Last updated 17:53 27/08/2012
Manufacturing in the backyard shed, building new human organs or fixing damaged ones inside the body, even changing the foundations of life to make cells that solve human problems.
These are the sort of things being dreamt of by fans of digital fabrication who have been taking part in a "fab lab" event hosted by Massey University in Wellington during the past week.
Massey's School of Design has set up the first digital fabrication facility affiliated to the Massachusetts Institute of Technology in Australasia. Such labs include laser cutters, milling machines and 3D printers which create three-dimensional objects from computer files by adding layers of material.
Mark P Mills, who writes Forbes' Energy Intelligence column, is picking 3D printing as a key technology change that could transform this century. The technology involves "printing" parts and devices using computational power, lasers and powdered metals and plastics.
Already patient-specific parts such as hip joints are being made, and some supporters see the potential for much manufacturing to move into neighbourhoods.
Participants at a public symposium in Wellington today as part of the fab lab event heard, among other things, about silver ink that can be used for printing high-performance electronics, about the work under way to "bioprint" human organs, and about efforts to design cells from scratch to solve human problems.
Speaking by video link, Dr John Glass, from the synthetic biology programme at the J Craig Venter Institute in the US, said researchers aspired to develop the capacity to change the hardware - cells - of living systems.
Cells had already been designed that were used as factories, for instance for the production of an anti-malarial drug, but it became apparent that while short biological circuits could be made quite predictably, as the circuits involved more genes and enzymes they become less and less reliable for producing the desired materials.
Biology was possibly the most complex of all sciences, and even the simplest of all known cells had thousands of moving parts, Glass said.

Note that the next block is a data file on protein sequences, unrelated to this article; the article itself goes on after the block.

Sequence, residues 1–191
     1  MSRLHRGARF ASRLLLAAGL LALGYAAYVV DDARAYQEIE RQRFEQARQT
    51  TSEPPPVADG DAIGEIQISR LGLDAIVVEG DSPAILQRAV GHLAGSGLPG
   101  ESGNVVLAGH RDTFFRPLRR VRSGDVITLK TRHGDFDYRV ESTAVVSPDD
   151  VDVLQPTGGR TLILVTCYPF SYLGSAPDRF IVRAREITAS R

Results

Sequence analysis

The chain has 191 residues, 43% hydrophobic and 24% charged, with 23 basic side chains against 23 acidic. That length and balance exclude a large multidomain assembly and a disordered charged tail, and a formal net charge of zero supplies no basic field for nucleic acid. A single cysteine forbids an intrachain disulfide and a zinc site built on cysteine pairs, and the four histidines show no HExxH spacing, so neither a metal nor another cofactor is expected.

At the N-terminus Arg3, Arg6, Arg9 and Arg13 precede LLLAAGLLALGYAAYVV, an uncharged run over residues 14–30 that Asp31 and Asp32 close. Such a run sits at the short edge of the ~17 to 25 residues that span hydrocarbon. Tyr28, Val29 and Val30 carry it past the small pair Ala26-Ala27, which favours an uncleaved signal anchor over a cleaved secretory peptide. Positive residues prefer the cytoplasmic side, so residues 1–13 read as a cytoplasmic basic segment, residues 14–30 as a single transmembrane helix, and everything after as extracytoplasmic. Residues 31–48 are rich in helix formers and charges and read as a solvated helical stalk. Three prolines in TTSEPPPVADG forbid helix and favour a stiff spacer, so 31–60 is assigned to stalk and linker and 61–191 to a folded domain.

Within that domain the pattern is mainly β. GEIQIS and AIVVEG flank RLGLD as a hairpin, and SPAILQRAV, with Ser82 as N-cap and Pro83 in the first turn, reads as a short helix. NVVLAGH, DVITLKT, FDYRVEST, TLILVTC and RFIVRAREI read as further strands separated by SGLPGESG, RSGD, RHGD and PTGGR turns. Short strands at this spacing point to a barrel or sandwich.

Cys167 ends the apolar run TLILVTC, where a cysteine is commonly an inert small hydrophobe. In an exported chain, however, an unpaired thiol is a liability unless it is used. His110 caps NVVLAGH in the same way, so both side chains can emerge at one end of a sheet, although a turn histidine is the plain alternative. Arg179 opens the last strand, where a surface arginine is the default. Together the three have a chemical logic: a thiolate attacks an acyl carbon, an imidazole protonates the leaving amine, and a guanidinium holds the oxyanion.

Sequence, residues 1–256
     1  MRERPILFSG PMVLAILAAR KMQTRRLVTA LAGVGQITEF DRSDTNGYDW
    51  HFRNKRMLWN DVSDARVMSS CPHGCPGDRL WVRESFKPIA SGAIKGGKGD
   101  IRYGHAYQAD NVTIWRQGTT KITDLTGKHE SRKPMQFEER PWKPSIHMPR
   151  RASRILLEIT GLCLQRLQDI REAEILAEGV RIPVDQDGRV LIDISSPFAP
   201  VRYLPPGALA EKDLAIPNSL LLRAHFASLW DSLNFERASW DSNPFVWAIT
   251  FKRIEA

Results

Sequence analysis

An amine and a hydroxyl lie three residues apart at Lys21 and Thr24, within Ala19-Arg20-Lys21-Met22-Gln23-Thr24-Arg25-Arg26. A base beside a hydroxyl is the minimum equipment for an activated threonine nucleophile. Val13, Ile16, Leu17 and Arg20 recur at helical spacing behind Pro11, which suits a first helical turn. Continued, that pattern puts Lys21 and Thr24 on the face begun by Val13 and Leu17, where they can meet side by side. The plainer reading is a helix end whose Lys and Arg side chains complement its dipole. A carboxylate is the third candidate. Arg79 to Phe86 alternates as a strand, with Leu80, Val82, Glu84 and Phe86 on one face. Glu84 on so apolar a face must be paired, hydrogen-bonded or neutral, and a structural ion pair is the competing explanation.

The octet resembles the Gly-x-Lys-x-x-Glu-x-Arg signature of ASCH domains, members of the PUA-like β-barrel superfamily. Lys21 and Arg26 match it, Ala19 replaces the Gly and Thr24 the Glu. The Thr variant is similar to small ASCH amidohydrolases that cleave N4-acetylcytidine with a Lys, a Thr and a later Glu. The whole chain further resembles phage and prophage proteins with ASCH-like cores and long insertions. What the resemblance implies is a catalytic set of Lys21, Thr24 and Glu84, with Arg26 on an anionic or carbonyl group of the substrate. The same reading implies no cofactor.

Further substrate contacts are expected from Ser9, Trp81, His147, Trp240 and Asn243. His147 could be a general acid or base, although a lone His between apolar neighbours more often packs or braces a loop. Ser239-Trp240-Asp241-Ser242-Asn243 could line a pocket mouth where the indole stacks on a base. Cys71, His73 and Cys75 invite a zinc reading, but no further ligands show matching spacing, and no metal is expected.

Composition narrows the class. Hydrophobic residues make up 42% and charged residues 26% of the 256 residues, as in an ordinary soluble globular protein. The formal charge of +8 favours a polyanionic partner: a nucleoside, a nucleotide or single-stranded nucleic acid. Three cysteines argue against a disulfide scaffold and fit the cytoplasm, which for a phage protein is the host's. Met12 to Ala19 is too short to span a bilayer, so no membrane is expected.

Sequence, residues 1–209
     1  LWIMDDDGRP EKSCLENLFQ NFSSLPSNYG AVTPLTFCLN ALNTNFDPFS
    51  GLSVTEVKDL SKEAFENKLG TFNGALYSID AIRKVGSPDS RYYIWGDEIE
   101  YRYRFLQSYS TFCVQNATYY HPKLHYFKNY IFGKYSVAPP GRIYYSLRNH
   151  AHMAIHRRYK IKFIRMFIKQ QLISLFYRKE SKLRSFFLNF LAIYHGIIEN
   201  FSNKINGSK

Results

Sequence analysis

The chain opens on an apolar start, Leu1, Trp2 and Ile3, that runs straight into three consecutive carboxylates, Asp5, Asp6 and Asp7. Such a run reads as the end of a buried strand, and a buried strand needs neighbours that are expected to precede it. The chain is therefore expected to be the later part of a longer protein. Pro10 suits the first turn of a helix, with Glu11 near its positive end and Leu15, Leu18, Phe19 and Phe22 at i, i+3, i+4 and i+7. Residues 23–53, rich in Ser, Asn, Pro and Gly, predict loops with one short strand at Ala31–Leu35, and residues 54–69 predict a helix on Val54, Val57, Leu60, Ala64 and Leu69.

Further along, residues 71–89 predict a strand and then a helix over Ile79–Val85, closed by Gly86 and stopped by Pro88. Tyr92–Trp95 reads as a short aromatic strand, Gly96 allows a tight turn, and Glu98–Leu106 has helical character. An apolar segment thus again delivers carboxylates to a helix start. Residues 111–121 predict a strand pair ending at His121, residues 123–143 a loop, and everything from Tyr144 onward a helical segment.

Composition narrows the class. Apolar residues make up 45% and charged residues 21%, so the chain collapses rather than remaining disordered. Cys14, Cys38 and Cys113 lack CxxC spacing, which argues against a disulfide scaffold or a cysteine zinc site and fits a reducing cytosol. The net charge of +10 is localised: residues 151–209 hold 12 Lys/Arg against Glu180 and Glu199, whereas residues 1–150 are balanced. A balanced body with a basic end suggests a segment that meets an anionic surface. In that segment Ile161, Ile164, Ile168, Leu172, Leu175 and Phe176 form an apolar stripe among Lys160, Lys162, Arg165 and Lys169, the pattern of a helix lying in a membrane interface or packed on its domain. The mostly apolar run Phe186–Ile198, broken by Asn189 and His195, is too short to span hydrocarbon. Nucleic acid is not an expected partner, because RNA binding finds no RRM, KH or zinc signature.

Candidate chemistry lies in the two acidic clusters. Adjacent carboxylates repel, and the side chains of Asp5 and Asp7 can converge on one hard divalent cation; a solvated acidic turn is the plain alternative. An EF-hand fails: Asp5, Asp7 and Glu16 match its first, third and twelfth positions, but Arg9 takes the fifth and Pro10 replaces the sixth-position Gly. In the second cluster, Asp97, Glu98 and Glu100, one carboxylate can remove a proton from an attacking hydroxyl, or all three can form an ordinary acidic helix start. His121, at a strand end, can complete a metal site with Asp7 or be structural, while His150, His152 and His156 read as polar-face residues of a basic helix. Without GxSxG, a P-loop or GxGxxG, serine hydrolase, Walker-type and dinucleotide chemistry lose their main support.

The goal now was to be able to build a true minimal cell, to be able to learn the first principles of life. With that understanding more and more complicated cells could be built.
After gaining a better understanding of life to increase the predictability of biological circuits, the work could be used in areas such as energy, bioremediation, materials science, vaccine discovery, and stem cell therapy.
But Glass also acknowledged that, "as things get easier to make that can solve human problems, it gets easier to make things that can create human problems".
But for now, too little was known about how life worked to be able to make radical changes from what was present in nature, Glass said.
Robin Levin, speaking on behalf of the Wake Forest Institute for Regenerative Medicine in North Carolina, said that if bioprinting worked it would have enormous value for people who needed transplants, trauma sufferers, and cancer patients.
Body parts that had already been grown and transplanted included urinary bladders, trachea and blood vessels, while parts coming included kidneys, livers and bones. There was also the hope of being able to repair organs in the body.
Professor Jennifer Lewis, from the University of Illinois, talked about the silver ink that had been developed for printing high performance electronics on low cost materials such as flexible plastic.
Until recently most commercial 3D printers had been used for rapid prototyping. If the technology was to be taken to the next level more robust printing materials were needed, as was much higher throughput, she said.
Among other things, her group had worked on developing a broad palette of functional inks. It had also worked on a printer with a large number of nozzles which could work faster and cover a larger area than a single nozzle printer.
- © Fairfax NZ News
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